• Will reopening schools put grandma in danger?
  • We’ll see the end of genetic disease in our lifetimes
  • A $15,333 profit… on one trade

Dear Reader,

Welcome to our weekly mailbag edition of The Bleeding Edge. All week, you submitted your questions about the biggest trends in technology. Today, I’ll do my best to answer them.

If you have a question you’d like answered next week, be sure you submit it right here.

But before we get to today’s questions, I’d like to tell you about a very special event happening in a few weeks…

As readers of The Bleeding Edge know, COVID-19 has ushered in a “golden age” of biotechnology.

Suddenly, the world has woken up to the potential of biotechnology.

Every venture capitalist and private equity house has realized how powerful these technologies are and how quickly biotech can move. We’re going to see an acceleration in biotech investment, early stage companies, and IPOs (initial public offerings) as a result.

Make no mistake: Some of the largest returns in the next few years will not come from cryptocurrencies, precious metals, or cannabis stocks. They will be found in biotechnology.

And there is one biotech stock that is at the top of my list. If investors only ever invest in one biotechnology company, I believe it should be this one.

Based on my analysis, I believe this company is on the verge of a major announcement, a cure for a rare genetic disease. Once that happens, the stock will soar, possibly going as high as 1,000%.

To share all the details, I’m hosting my first-ever free biotechnology master class on August 5 at 8 p.m. ET. And I’d love it if every reader of The Bleeding Edge could attend. Simply go right here to reserve your spot.

Now let’s turn to our mailbag…

Reopen the schools…

Let’s start with a good question about school openings…

While children under 17 years may not be dying from COVID-19, that particular age group spreads germs and viruses. Therefore, transitions of infectious diseases cascade toward older age generations – spreading to their teachers, parents, and grandparents!

Arthur B.

Hi, Arthur. Thanks for sending in your thoughts.

This has been a contentious topic recently. For readers who missed it, I recently wrote that I believed schools should open in the fall. Depending on where readers live, that can be as early as mid-August.

In response to that statement, I got a flood of responses from readers. Some agreed. Some disagreed… strongly. One reader even said that opening the schools would “kill millions.”

School-age children are indeed proving very resilient to COVID-19. In fact, they are more at risk of severe illness caused by influenza. But this is a common objection: Won’t the kids infect grandma? After all, the CDC reports that more than 80% of COVID-19 deaths have been in patients age 65 and older.

There’s a very simple solution to prevent this. We continue to protect the most vulnerable populations.

As I have written previously, the governors of five states (New York, Michigan, California, Pennsylvania, and New Jersey) required that nursing care facilities take in patients with COVID-19. That was an incredibly stupid policy… and criminal from my perspective. It resulted in thousands of unnecessary deaths.

The opposite should be taking place. Those who are 65 and older should be protected. Nursing care facilities should be testing their staff for temperatures daily and COVID-19 at least weekly.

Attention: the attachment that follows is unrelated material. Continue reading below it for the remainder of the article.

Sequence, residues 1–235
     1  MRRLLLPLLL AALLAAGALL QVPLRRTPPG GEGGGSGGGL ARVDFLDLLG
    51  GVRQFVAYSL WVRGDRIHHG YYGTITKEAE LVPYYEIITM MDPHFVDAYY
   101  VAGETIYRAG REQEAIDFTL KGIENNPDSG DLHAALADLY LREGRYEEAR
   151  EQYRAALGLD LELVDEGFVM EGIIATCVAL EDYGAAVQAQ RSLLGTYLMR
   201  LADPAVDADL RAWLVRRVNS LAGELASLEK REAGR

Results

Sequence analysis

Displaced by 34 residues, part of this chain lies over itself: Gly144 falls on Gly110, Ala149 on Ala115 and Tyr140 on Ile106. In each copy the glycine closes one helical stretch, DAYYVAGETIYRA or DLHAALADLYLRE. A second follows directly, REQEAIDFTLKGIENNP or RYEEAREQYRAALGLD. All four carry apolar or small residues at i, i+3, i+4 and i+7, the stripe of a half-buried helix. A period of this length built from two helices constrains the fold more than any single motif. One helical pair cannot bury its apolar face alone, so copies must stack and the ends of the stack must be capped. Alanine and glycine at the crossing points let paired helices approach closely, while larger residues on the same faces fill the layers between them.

Perhaps that means the kids don’t visit their grandparents for a while. Or perhaps that means that older teachers or those with health conditions don’t go back to school right away. Schools could hire long-term substitute teachers if need be.

Precautions can be taken, but the schools should open.

Children – especially young children – need a structured environment where they can learn and socialize. This is critical for their development. And for many children, sadly, their school-provided lunch is their best – or only – real meal of the day.

I say this as a parent. I have two young boys at home. I would do anything for them. In fact, I moved across the globe and pursued a new career just so I could ensure they had a healthy learning environment and the support that they required.

I’m sure some reading this now are parents or grandparents. And I’m sure we all want what’s best for our kids. It’s simply not healthy for children to be cooped up, away from their friends, and stuck in front of a laptop for months (or years) on end.

And I find it incredibly irresponsible for teacher unions to be demanding political action as a prerequisite for opening schools. That’s what we’re seeing with the LA teacher’s union. It is demanding defunding the police and the implementation of Medicare-for-All before the schools open.

And an official from the World Health Organization suggested that it may be “very rare” for asymptomatic carriers of COVID-19 to spread the virus. Kids are often asymptomatic.

In other words, the parents will likely be fine. And when the asymptomatic population has been factored into the actual case fatality rate, healthy people under 70 could have a survival rate as high as 99.96%. That’s better than influenza.

Perhaps readers will disagree with me on this. But I stand by my statement. The research and the numbers are real. These politics are coming at the grave expense of the health of children. It’s time to open the schools.

The end of genetic disease is getting closer…

Next up, a question about CRISPR genetic editing technology…

With this CRISPR thing, I am a little perplexed, as I am about your statement that we live longer as a result of modern medicine and pharmaceuticals. “As a reminder, CRISPR is like software programming for DNA. It allows us to ‘edit’ genetic mutations that cause many diseases. Ultimately, CRISPR will help us cure all human disease of genetic origin.”

Modern medicine and pharmaceuticals are responsible for more harm and death than virtually any known virus, disease, or pandemic. Iatrogenic death alone accounts for a large number of deaths in the U.S. alone.

Side effects of vaccines kill and maim our children and older adults at incredible rates or numbers. I can’t think of even one vaccine that actually cured anything. Even polio, which doesn’t have hardly any amount of wild polio any longer but does have a large number of incidents of the laboratory type of polio all over the world, especially after the vaccine has been given in a particular region.

Christian T.

Thanks for your question, Christian.

I have compared CRISPR genetic editing technology to “software programming for our DNA.” The technology can edit our DNA as if it were a software code. In essence, CRISPR can correct any “bugs” in our genetic code that lead to disease.